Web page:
David Lindsay: Excellent opinion piece. Here are the two top comments, I also recommended.

The Poet McTeagle
CaliforniaFeb. 22
Times Pick

It’s not just EV assembly and battery cell manufacturing. It’s everything else, like robot manufacturing, because robots make the EVs. Also all the bolts, washers, other parts and computer chips and paint and everything else that makes robots and EVs. Offshoring all manufacturing to China was a really bad idea in the first place. It happened because Big Money saw big profits to be made. Those in government went along with Big Money, because it’s Big Money that controls our government.

11 Replies524 Recommended

Chris commented February 22

Times Pick

It’s not that we can’t. It’s that we don’t. We don’t build stuff anymore. The real problem seems related to how corporate america likes to manage businesses. Building products, innovating is difficult business. It’s tricky, doesn’t always pan out, and can often result in lower profit margins. Senior managers in this country want 20% growth with 60% profit margins. They want low capital investment. That’s why we have silicon valley and social media companies. That’s why we’re so good at advertising. It’s isn’t the natural competitive advantage of nations. But rather the culture of executive leadership and risk tolerance in capital markets that drives this. Executives and investors in Chinese companies do not have these constraints. At some point wall street has to get back to investing in boring companies that build stuff.

15 Replies400 Recommended

Admiral Blair and General Dunford | Ukraine’s Russia Crisis Reveals the West’s False Sense of Energy Security – The New York Times

Dennis C. Blair and 

Admiral Blair, who retired from the Navy in 2002, was a director of national intelligence in the Obama administration and served as commander in chief of the U.S. Pacific Command. General Dunford was chairman of the Joint Chiefs of Staff in the Obama and Trump administrations. Before that, he served as commandant of the Marines.

“Russia’s belligerence against Ukraine is underscoring once again the inextricable link between national security and energy security. Today, Russia is flexing its energy dominance over a dependent Europe. But tomorrow, the danger may come from China and its control over the raw materials that are key to a clean energy future.

The United States and its allies must ensure that doesn’t happen.

In recent years America has been lulled into a false sense of energy independence. The shale revolution of the past decade has generated incredible supplies of vital natural gas and oil. European countries, blessed with diverse economies, have also felt relatively secure in recent years. But that is changing.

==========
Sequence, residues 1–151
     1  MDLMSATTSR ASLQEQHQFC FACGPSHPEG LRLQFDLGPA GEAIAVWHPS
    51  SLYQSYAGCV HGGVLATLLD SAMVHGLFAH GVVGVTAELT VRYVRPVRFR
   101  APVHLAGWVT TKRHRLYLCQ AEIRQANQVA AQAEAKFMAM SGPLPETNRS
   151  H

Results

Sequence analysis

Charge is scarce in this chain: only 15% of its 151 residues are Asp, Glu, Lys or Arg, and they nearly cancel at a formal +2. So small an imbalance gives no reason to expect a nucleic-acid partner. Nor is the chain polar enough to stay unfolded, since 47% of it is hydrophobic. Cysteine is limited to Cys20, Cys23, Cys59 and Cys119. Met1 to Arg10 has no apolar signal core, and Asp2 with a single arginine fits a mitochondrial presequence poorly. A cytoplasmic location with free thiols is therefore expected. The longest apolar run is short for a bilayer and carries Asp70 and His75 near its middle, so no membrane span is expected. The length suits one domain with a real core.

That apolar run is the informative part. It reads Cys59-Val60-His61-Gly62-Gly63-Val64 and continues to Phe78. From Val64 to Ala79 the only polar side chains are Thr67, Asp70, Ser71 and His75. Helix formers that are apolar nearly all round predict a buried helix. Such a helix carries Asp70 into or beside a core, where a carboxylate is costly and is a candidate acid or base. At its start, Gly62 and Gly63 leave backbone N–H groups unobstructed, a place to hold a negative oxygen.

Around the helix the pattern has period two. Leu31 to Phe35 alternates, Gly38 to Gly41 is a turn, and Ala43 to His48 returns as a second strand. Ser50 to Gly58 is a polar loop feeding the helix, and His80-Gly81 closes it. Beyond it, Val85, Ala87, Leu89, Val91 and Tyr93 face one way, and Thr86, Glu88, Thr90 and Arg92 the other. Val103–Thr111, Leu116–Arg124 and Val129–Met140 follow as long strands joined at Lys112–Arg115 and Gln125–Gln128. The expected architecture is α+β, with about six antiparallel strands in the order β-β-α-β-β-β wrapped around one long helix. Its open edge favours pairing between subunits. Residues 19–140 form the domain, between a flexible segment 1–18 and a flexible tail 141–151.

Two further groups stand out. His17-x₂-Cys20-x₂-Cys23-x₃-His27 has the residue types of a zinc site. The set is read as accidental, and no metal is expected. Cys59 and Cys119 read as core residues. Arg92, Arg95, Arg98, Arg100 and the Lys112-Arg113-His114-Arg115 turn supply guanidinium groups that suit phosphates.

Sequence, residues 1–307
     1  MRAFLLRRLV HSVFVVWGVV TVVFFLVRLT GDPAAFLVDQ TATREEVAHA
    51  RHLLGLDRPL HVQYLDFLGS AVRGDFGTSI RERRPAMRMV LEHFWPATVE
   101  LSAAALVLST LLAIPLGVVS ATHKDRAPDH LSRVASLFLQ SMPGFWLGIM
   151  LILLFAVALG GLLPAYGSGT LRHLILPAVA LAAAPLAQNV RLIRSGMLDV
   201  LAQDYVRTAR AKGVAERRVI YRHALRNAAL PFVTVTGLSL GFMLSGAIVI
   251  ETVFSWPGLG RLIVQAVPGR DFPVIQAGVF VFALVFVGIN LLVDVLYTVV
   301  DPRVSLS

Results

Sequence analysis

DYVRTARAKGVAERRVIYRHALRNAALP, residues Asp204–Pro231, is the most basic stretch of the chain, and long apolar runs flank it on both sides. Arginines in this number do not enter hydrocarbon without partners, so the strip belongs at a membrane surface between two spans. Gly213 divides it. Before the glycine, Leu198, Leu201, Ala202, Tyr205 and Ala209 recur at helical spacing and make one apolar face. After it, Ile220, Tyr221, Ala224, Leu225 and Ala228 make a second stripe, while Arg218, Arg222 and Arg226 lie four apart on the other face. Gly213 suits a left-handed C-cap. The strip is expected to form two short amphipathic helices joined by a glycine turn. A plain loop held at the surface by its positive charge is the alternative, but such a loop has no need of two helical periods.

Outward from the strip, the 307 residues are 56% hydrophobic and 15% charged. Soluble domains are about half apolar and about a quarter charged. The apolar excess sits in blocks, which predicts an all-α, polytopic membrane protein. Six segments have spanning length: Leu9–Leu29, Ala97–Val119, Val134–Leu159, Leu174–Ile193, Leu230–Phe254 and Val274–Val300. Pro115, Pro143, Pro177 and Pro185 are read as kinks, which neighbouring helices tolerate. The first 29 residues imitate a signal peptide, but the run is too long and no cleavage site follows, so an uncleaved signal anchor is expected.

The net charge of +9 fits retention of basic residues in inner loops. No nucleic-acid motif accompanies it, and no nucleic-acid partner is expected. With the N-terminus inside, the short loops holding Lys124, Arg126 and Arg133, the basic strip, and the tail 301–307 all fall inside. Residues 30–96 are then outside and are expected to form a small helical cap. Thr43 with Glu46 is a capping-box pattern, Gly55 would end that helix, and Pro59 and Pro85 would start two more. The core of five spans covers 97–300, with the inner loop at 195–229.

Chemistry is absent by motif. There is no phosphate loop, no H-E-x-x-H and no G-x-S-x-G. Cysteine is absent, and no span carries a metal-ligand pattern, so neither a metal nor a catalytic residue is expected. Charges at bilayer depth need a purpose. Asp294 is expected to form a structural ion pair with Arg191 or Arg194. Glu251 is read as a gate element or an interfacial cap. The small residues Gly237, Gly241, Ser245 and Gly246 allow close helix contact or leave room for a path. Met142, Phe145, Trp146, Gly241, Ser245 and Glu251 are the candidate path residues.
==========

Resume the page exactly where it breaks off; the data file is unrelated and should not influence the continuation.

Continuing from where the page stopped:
Germany now depends on Russian suppliers for as much as two-thirds of its natural gas and the European Union for about 40 percent. And as it phases out its nuclear power plants by year’s end, Germany, Europe’s largest economic force, has appeared more hesitant than its peers to forcefully confront the Kremlin. Moscow sees Europe’s energy dependence for what it is: a supply chain dynamic it can control and exploit at will.”

Opinion | Schwarzenegger: Solar Costs Could Rise if California Regulators Get Their Way – The New York Times

Mr. Schwarzenegger is a former governor of California.

“California has more rooftops with solar panels than any other state and continues to be a leader in new installations. But a proposal from the state’s public utility commission threatens that progress.

It should be stopped in its tracks.

When I was California’s governor, we set a goal in 2006 of putting solar panels on one million roofs across the state. Skeptics said it couldn’t be done, but with bipartisan support in the State Legislature, California met its goal in 2019.

The state now has 1.3 million solar rooftops generating roughly 10,000 megawatts of electricity — enough to power three million homes. And more are being added every week. Roughly two-thirds of those rooftops are on houses and businesses; the rest are on government buildings.

But this hard-earned and vitally important accomplishment is now under threat. The California Public Utilities Commission is considering a plan that would make it too costly for many Californians to embrace solar power. A decision could come as soon as Jan. 27.”